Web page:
New Henge Appears Near Newgrange as a Heatwave Hits Ireland

New Henge Appears Near Newgrange as a Heatwave Hits Ireland


A summer heatwave has dried the land of the Boyne Valley in Ireland, revealing the shadows of previously unknown circular enclosures. One of the most intriguing appears to be a distinct outline of a large henge. It was found via aerial photographs taken not far from Newgrange – giving it a unique appeal over other forgotten monuments which have been coming to light as the heatwave sweeps through.

After making the find, Anthony Murphy of Mythical Ireland wrote the following post on his Facebook page :

“I’m shaking with excitement as I write this. Myself and Ken Williams of Shadows and Stone imaged some very substantial and previously unrecorded features in the fields near Newgrange this evening. They look like giant henges or enclosures, very similar in scale to Site P, and forming a row-of-three with P. Have a look at these very exciting photographs. If these turn out to be substantial discoveries, then I would be nothing short of utterly elated, chuffed and excited. We’re already discussing them with an archaeologist and to say he’s very excited is a huge understatement!”

Aerial photo of a newly visible henge found near Newgrange in Ireland. (Anthony Murphy/Mythical Ireland)

Aerial photo of a newly visible henge found near Newgrange in Ireland. ( Anthony Murphy/Mythical Ireland )

Murphy and Williams have both said they have notified the Department of Culture, Heritage and the Gaeltacht of their discovery. It will be interesting to see what the authorities have to say and may choose to do next.

Murphy’s images of his trip with Williams show that a few different circular enclosures have come to light due to the drier climate. The largest is estimated to have a diameter of about 200 meters (656.17 feet). Murphy has attributed much of the visibility of the features to the weather, saying “the weather is absolutely critical to the discovery of this monument. I have flown a drone over the Boyne Valley regularly and have never seen this.”

Faint outlines of two possible henges not far from Newgrange are visible in aerial view. (Anthony Murphy/Mythical Ireland)

Faint outlines of two possible henges not far from Newgrange are visible in aerial view. ( Anthony Murphy/Mythical Ireland )

By going into more detail it is evident just how rare this sighting is. Murphy told The Irish Times the small quantity of moisture left in the soil, “lodges in the archaeological features a little bit more than it does in the surrounding soil and the crop that is growing out of the soil is greener in the archaeological features and drier outside of them. So when that crop is harvested all surface traces of this monument will vanish and we may not see this monument again for 2 or 3 decades depending on when we get another prolonged dry spell like this.”

A BBC News report on the increase in the appearance of “crop marks” around Wales provides even more information on how this works and some more examples of sites which have popped up across Wales. Archaeologist Louise Barker of the Royal Commission on the Ancient and Historical Monuments of Wales explains, “It’s like a painting that comes out into the fieldscapes. We’re seeing new things with all of these cropmarks; we probably haven’t seen anything like this since the 1970s, the last time there was a really, really dry summer like this.”

Extensive crop marks of Trewen Roman farmstead or villa, Caerwent, Monmouthshire. (RCAHMW)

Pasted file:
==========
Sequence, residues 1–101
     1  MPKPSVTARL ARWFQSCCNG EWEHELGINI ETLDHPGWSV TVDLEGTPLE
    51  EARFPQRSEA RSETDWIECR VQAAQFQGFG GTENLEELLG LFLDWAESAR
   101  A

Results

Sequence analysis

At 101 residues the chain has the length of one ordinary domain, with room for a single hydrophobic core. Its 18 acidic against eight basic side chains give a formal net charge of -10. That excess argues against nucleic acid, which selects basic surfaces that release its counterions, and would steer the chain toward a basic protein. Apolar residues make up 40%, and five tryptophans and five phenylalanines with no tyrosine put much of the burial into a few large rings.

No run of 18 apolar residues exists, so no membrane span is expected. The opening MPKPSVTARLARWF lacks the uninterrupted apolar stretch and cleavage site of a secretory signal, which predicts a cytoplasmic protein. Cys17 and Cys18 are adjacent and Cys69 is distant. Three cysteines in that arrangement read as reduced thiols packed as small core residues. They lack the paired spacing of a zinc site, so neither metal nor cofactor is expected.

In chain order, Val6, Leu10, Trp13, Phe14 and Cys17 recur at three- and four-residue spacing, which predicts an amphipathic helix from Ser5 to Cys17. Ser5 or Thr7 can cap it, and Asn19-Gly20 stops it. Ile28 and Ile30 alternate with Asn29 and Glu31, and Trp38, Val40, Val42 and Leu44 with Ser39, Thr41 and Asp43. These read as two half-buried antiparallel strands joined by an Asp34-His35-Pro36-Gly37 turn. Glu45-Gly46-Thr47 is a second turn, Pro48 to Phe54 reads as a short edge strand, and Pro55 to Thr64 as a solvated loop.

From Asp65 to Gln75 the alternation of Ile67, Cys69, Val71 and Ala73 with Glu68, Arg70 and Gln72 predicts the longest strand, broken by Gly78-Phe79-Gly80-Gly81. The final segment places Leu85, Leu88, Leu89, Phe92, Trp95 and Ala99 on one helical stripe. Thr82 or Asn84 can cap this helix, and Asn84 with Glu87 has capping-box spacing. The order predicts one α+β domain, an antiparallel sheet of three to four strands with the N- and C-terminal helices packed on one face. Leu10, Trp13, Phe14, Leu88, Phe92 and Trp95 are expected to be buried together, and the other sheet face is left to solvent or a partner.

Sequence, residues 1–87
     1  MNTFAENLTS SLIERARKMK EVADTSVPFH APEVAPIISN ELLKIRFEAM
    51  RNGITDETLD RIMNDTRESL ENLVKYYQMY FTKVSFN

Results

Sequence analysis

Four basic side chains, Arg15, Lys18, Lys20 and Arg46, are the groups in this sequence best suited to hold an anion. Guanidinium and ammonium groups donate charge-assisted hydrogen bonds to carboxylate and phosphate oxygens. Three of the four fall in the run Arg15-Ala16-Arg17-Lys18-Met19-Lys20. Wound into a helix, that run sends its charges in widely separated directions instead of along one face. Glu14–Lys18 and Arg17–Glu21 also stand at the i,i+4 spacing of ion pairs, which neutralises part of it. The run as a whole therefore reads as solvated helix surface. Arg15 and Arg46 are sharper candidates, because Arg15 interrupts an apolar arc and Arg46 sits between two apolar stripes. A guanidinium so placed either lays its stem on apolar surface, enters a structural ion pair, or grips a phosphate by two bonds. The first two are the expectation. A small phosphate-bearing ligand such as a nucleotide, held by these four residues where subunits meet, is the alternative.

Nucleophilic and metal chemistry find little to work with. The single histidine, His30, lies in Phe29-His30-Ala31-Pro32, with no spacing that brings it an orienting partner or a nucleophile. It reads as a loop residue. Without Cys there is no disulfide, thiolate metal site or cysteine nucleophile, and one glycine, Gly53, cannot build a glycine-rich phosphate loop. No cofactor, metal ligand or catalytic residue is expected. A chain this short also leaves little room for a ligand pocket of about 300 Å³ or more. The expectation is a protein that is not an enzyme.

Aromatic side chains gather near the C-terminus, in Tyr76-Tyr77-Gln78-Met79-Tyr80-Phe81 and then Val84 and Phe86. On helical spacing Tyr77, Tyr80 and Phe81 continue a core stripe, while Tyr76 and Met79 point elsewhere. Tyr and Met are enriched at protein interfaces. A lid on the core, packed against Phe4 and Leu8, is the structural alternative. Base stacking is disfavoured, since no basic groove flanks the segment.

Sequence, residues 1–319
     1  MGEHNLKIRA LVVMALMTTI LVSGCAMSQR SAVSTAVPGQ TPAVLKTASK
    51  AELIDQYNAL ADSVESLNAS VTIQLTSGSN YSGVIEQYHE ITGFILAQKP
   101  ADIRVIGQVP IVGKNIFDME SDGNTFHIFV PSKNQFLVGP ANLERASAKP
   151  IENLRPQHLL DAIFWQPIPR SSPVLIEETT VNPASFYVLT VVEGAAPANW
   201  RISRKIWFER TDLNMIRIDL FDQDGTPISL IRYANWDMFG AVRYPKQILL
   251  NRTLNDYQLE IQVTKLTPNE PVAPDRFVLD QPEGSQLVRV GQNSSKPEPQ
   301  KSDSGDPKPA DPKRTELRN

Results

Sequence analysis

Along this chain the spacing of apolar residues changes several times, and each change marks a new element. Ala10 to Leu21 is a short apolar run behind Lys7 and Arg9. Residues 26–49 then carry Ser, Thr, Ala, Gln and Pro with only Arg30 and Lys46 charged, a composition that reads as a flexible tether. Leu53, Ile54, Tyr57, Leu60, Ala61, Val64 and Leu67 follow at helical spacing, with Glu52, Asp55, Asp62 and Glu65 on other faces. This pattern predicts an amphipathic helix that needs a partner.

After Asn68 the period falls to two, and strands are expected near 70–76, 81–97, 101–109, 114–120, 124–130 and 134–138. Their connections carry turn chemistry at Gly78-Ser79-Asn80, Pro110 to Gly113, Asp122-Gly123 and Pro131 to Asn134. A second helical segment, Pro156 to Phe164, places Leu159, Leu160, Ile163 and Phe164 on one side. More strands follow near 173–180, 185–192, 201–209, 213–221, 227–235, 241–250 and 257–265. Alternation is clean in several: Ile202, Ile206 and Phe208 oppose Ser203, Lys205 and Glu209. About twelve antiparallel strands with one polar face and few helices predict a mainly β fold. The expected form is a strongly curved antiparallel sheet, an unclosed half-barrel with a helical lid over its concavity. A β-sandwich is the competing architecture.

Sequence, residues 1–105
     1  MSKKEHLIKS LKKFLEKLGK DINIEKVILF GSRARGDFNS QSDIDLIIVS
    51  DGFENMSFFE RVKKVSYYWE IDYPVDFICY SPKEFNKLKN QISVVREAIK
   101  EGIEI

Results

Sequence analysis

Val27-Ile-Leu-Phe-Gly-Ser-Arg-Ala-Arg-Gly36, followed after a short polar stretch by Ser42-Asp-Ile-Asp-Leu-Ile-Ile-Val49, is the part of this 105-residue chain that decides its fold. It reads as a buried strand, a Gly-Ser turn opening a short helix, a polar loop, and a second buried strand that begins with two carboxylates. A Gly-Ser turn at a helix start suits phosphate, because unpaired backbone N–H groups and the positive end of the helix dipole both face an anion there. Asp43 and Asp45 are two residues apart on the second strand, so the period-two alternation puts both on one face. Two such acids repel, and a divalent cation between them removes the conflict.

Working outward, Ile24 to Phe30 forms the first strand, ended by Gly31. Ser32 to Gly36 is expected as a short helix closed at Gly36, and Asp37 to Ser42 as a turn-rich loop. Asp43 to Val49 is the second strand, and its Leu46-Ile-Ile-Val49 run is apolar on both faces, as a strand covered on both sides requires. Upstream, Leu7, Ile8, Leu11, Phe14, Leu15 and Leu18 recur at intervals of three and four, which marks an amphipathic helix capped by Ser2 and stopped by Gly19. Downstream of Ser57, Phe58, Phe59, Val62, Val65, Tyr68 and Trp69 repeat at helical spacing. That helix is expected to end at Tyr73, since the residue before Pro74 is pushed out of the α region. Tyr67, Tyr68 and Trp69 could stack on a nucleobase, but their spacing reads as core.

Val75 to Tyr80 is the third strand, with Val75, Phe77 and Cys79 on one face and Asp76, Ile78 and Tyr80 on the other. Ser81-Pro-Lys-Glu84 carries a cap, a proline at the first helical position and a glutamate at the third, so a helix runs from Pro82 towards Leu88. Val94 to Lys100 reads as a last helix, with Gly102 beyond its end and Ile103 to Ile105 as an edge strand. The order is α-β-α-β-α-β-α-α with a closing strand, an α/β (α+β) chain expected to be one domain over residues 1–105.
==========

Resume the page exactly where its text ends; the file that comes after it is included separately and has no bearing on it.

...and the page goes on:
Extensive crop marks of Trewen Roman farmstead or villa, Caerwent, Monmouthshire. ( RCAHMW)

As an interesting side note, Murphy has also explained that there is a myth supporting the notion of periods of drought in and around Newgrange. He told his Facebook followers , “There’s a myth about Newgrange being under water, in a magical sea called Muirthemne. There was a huge sea turtle or monster in the sea called The Mata. The Dagda (sun god) came along and made the water recede, and the monster receded with the water…..”

The Tuatha Dé Danann as depicted in John Duncan's "Riders of the Sidhe" (1911). ( Public Domain ) The Dagda was one of the Tuatha Dé Danann.

The Tuatha Dé Danann as depicted in John Duncan’s “Riders of the Sidhe” (1911). ( Public Domain ) The Dagda was one of the Tuatha Dé Danann.

A report on the find on Siliconrepublic, takes a step towards describing what the circular structures may have been.

“Unlike Newgrange, these sites show a likelihood that they would have been above-ground structures left in disrepair over a period of centuries until eventually returning to the soil. This can be seen in the darker green areas of the soil at each of these sites, caused by the digging of trenches and rivulets during the construction of foundations. The resulting deeper layer of topsoil, with its greater stores of nutrients and moisture, would take longer to dry out. This means it stays greener than the rest of the fields while the surrounding soil appears bone dry.”

Newgrange, Ireland. (CC BY SA 3.0)

Newgrange, Ireland. ( CC BY SA 3.0 )

Archaeologist Dr. Geraldine Stout , has also provided some insight and a possible date on the wider context of the structures, stating,

“I believe Newgrange is just the centre of a much larger sacred landscape and I think there was a whole series of facilities built for the pilgrims coming to Newgrange in prehistory. Generally we believe these henge monuments were built up to 500 years after the main use of Newgrange and in a lot of cases they actually enclose the area of monuments.”

Top Image: The record dry spell has been credited with the discovery of a previously unknown monument beside Newgrange, Co Meath. Source: Ciara Wilkinson/Anthony Murphy

By Alicia McDermott





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